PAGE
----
'A terrible environment for equities': Market veteran predicts when stocks will pull back — and how to trade it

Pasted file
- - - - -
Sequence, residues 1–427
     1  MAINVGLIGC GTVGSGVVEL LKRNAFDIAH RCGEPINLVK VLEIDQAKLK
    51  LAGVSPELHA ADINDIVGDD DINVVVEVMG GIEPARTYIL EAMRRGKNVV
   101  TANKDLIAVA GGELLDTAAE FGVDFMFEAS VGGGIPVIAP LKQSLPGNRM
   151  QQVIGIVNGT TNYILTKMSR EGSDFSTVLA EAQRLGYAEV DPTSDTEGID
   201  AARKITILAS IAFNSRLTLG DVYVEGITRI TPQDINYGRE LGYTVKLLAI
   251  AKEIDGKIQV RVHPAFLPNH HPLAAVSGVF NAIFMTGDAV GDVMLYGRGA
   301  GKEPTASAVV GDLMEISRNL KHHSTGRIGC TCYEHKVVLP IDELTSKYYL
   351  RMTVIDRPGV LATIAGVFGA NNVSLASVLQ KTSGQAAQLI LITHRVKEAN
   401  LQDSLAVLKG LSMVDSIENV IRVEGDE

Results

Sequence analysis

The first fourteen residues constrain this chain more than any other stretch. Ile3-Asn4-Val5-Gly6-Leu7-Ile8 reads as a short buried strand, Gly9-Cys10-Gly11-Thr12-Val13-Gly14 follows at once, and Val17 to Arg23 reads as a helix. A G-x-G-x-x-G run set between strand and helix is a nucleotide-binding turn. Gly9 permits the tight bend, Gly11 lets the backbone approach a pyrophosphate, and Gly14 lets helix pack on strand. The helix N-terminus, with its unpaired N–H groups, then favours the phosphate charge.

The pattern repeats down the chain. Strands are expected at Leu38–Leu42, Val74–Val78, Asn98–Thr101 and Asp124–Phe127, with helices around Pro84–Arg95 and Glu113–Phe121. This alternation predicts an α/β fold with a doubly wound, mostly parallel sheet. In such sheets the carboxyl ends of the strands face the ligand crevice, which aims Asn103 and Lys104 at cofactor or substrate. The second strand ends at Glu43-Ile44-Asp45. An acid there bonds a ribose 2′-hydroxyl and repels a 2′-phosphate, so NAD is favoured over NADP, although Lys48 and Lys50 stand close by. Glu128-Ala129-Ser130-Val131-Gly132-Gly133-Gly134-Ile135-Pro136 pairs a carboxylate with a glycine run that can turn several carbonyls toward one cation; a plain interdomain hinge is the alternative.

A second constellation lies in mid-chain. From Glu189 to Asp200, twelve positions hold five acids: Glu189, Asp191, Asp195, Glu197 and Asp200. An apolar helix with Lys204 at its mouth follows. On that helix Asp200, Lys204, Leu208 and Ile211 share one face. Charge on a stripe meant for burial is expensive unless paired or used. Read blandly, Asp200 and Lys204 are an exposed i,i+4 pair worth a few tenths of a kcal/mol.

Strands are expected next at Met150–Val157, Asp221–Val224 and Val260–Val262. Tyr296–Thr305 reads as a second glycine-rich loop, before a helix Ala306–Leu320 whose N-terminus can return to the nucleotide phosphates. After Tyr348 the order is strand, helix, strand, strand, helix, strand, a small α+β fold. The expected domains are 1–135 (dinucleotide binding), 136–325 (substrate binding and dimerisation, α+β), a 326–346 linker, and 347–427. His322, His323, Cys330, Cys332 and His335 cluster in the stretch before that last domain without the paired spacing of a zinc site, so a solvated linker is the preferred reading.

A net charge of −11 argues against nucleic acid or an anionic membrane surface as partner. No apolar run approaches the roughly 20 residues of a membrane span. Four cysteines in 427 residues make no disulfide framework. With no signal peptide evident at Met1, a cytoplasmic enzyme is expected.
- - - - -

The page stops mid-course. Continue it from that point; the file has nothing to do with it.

The U.S. equity market is flashing warning signs, according to chief market strategist Chris Watling. Watling, also the chief executive of London-based Longview Economics , expects stocks to fall into a bear market over the next three to six months thanks to lofty valuations driven higher since September last year. The S & P 500 was trading at 3,985 on Wednesday morning at a price-to-earnings ratio of nearly 20x even as the U.S. central bank attempts to tighten financial conditions. According to Watling, valuations are now in "bubble" territory and have never been so high except during the dot-com and pandemic-era boom in stock prices. "You've got a market here on a forward P/E ratio of 18 and a half times, which has only really been substantially higher in a bubble," Watling told CNBC's "Squawk Box Europe." "It's a terrible environment for equities," he added. When asked about a potential fall, Watling said investors should be cautious because if the S & P 500 earnings reverted to its historical mean, the benchmark could decline by 900 points – a drop of nearly 25% from current levels. "If you say that the [S & P 500] forward earnings should be 200, and you say that average multiple is 15 times, you get to a number of about 3000," Watling said. .SPX 1Y line While investors may be tempted to stay in the market due to a lack of better options, Watling suggests otherwise. "If you want to make money, you should be short equities over the three to six-month timeframe," he said. "You should be overweight government bonds, should probably have a little bit in cash, and there's certain commodities you should be playing, most likely the precious metals." He cautioned, however, that this strategy is very aggressive and unsuitable for the average investor. Watling advised that investors should make diversified bets and not bet the house on one investment. Stocks have risen over the past five months partly in response to a lack of distress in the high-yield bond market. Instead, for example, the difference in interest for bonds issued by junk-rated U.S. companies and U.S. government bonds has fallen from 3 percentage points at the start of this year to 2.6 percentage points, according to the Federal Reserve Bank of St. Louis. This seems to be defying credit conditions wanted by the Federal Reserve, and Watling suggests it could be a short-term liquidity story driving the market. Watling said the recent increase in central bank balance sheets globally since October is due to China reopening, the Bank of Japan printing money, and the Treasury general reserve account releasing liquidity to offset the Federal Reserve's quantitative tightening program. "It may well be just a short-term liquidity story that seems to have dislocated the spreads from what credit conditions are telling you," he added.
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